In focus - Thought Leadership

Harnessing the data science revolution

A mass of new information types, combined with new methods of analysis is giving investors the tools to enhance long-term performance.


Ben Wicks

Ben Wicks

Head of Data Insights and Research Innovation

Mark Ainsworth

Mark Ainsworth

Head of Data Insights and Analytics

The process of collecting and analysing data has undergone a revolution. No longer is it sufficient for active investors to tease investible insights from familiar information like trading figures, market shares and economic updates. A mass of information, from geospatial data to customs records and demographic data, is now available and can be manipulated in ways unheard of 30 years ago. If investors want to stay ahead of the game, they need to channel this deluge and harness its power to generate alpha in new ways.

To do so successfully, we argue, requires an understanding of what data can do for investors, what needs to be done to it to make it useful and who is equipped to do it. Just as important, however, is an understanding of its limitations and why data science alone cannot replace a good portfolio manager. Those who can marry industrial-scale data processing with tried and tested investment expertise will emerge as winners.

The growing importance of data is why at Schroders we have set up the Data Insights Unit. The team was formed in 2014 and has grown to over 20 data scientists, sourced from a variety of backgrounds and industries. Using data science skills, including machine learning, the team builds tools and provides a research service to help Schroders investors to make sense of alternative data and enable them to make better investment decisions.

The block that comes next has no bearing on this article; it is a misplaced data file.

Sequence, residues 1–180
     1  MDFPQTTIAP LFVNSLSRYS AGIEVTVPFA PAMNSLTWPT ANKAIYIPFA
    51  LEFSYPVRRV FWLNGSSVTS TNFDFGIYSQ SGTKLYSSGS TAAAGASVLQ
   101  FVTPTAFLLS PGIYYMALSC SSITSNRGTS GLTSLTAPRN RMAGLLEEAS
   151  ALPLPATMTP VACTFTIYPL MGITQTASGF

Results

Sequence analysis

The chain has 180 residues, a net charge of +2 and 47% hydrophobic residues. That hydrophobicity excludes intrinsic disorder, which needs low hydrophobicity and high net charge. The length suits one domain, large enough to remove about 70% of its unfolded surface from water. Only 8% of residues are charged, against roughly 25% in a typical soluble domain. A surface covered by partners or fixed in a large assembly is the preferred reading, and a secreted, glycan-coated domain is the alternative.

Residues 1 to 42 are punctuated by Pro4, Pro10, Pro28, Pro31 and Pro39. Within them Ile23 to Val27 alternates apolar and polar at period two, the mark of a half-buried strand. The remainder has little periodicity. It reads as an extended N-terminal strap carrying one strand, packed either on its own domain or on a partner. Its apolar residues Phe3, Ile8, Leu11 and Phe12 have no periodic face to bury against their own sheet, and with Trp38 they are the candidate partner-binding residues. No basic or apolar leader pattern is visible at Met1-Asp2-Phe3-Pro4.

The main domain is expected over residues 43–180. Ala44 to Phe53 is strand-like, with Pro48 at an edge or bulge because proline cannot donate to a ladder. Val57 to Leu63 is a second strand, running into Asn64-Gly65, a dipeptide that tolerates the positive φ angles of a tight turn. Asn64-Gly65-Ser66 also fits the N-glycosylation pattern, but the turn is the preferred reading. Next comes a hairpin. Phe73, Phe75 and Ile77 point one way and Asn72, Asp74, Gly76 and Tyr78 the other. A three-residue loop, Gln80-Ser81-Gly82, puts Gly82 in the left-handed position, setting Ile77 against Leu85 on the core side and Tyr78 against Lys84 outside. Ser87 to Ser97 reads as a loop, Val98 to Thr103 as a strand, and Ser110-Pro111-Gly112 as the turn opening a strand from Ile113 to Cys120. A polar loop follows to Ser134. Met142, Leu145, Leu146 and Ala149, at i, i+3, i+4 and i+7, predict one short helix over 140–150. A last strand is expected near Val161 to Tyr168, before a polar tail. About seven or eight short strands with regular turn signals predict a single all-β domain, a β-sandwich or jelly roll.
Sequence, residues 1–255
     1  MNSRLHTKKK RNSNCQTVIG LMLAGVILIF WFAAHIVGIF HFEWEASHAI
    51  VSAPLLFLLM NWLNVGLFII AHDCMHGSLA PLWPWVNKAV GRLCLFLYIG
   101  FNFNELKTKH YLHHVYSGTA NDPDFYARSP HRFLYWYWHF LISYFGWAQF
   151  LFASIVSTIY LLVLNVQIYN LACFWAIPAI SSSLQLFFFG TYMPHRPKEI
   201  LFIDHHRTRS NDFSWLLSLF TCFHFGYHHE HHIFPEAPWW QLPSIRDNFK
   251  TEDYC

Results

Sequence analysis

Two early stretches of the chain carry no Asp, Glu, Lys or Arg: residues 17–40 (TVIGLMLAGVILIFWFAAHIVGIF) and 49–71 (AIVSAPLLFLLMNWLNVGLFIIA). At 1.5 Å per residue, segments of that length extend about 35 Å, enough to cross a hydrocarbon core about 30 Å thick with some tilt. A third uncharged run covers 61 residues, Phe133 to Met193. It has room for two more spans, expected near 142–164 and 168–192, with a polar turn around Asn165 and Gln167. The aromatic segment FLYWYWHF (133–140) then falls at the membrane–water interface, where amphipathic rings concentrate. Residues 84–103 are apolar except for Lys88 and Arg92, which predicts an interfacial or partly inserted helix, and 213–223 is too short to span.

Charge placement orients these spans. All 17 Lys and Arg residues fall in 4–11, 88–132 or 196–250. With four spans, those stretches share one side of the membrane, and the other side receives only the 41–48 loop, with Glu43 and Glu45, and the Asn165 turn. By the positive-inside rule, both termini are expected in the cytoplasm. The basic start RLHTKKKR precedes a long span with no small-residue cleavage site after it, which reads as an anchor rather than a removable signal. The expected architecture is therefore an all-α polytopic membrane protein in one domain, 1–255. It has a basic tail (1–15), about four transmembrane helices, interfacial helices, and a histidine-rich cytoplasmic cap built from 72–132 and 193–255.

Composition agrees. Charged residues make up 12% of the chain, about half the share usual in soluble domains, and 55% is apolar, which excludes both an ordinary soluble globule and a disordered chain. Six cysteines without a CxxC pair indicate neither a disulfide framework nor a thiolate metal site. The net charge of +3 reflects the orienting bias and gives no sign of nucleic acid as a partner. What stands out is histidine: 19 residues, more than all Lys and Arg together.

What data are we talking about?

“Data” means far more than market data or accounting data. It includes large and “alternative” datasets that may be poorly configured for financial market analysis. Much of this is often thought of as “Big Data”. The dramatic increases in computer processing power, storage capacity and information mean that the amount of data that can potentially be interpreted by an analyst or fund manager is growing at an exponential rate, and in a thoroughly unstructured fashion. At the same time, a cadre of data science professionals is emerging and fashioning the necessary techniques to process this data.

These developments pose disruptive challenges to the investment industry. But they also provide a major opportunity for adaptive, well-structured organisations. The investment management industry is, at heart, a data processing industry: taking in data about companies, industries and economies, processing and analysing it and producing portfolios of investments as a result.


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